I got my test back and my reading is elevated – what now? Who do I call? How do I know they are reliable?
First you should use a Certified Radon Mitigator; they have had the classroom and field training experience and have passed a very comprehensive exam.
In the U.S. there are two certifying agencies for radon mitigators, and in some states the state certifies mitigators as well.
Pick your state from the drop down menu and find a few local mitigators; you may want to check an adjoining state as well, if you are close to a state line.
Scroll down through the list to your province and find local mitigators.
Before you settle on a mitigator, make a few calls to get references, ask for a copy of their contract, and ask if they are insured. Check out their websites. Who are you most comfortable with? Lowest price will quite often result in lowest quality workmanship and materials.
This is a very good checklist for comparing contractors.
Most mitigators will recommend an Active Soil Depressurization (ASD) system, unless you have marginally elevated radon and other air quality issues in the home. In that case, they may recommend a Heat Recovery Ventilator (HRV) that is specially designed for radon reduction. These HRV systems designed for radon reduction come with an energy penalty and ongoing maintenance costs.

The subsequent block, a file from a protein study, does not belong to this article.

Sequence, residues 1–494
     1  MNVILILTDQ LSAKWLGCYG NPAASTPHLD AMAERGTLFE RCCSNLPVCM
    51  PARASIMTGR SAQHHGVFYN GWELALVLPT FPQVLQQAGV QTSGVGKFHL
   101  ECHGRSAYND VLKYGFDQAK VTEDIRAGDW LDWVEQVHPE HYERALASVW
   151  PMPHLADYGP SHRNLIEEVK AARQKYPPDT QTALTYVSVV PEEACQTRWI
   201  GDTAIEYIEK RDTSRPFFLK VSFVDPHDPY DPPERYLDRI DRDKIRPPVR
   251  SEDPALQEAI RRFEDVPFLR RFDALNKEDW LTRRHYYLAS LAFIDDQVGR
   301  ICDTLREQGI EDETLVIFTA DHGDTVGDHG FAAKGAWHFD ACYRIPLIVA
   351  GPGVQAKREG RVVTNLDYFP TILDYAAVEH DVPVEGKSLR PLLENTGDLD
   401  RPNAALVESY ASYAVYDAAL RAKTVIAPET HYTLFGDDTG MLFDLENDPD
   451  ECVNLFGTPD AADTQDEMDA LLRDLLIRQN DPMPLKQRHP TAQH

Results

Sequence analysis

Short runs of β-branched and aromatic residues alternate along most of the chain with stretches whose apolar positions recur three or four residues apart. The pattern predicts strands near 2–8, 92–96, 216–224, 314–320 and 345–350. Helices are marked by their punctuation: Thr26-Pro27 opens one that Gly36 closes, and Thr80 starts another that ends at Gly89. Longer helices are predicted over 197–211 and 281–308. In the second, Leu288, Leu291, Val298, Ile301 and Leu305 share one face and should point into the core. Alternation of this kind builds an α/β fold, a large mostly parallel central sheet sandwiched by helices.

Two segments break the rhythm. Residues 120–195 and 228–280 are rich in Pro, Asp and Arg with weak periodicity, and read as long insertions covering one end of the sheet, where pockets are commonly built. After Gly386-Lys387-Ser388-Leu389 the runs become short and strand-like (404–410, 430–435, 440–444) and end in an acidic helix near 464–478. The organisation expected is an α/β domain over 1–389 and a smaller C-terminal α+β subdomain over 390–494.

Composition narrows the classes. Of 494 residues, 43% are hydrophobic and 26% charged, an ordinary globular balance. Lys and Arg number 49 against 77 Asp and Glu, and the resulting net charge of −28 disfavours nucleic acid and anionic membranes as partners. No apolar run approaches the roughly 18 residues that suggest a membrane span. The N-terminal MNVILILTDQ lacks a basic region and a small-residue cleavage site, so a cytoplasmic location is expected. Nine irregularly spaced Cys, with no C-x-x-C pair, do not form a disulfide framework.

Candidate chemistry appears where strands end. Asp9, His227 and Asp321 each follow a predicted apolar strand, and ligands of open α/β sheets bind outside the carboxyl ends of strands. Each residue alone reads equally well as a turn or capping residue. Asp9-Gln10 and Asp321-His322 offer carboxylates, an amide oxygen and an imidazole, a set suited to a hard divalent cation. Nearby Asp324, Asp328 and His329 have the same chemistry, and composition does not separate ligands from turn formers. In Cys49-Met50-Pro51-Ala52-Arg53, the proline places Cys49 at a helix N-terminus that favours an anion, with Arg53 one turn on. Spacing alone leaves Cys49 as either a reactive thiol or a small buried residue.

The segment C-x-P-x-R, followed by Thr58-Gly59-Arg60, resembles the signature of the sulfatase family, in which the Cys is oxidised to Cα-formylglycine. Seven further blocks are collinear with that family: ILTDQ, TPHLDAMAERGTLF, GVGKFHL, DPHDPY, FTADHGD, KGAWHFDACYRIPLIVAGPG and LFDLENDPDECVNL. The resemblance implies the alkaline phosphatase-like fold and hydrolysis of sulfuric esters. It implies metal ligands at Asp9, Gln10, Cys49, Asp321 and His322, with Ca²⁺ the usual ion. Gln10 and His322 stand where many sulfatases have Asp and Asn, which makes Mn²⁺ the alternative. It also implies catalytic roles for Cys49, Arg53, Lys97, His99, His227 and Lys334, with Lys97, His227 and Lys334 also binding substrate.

By far the most economical and commonly recommended ASD system (about 90%) is a Sub Slab Depressurization (SSD) system. SSD systems depressurize the soil under your slab, stopping the radon from coming into your home and putting it outside where the radon was trying to go anyway.
Acceptable design of SSD radon mitigation methods in Canada and the US are very different, so be careful of whether you are getting U.S. or Canadian information off the internet if you are researching what design is acceptable for your building.
More information is available in the January 2017 issue of Healthy Indoors Magazine’s feature on radon at: http://hi.healthyindoors.com/i/778725-hi-jan-2017/26
Bob Wood is the Past-President of the Canadian Association of Radon Scientists and Technologists (CARST). He is a U.S. (NRPP) and Canadian (C-NRPP) Certified Radon Testing Specialist and a Mitigation Specialist. He owns and operates Mr. Radon Inc. He is also the lead instructor for Mr. Radon®’s online training program for Canadians who want to become certified Radon Measurement Technicians.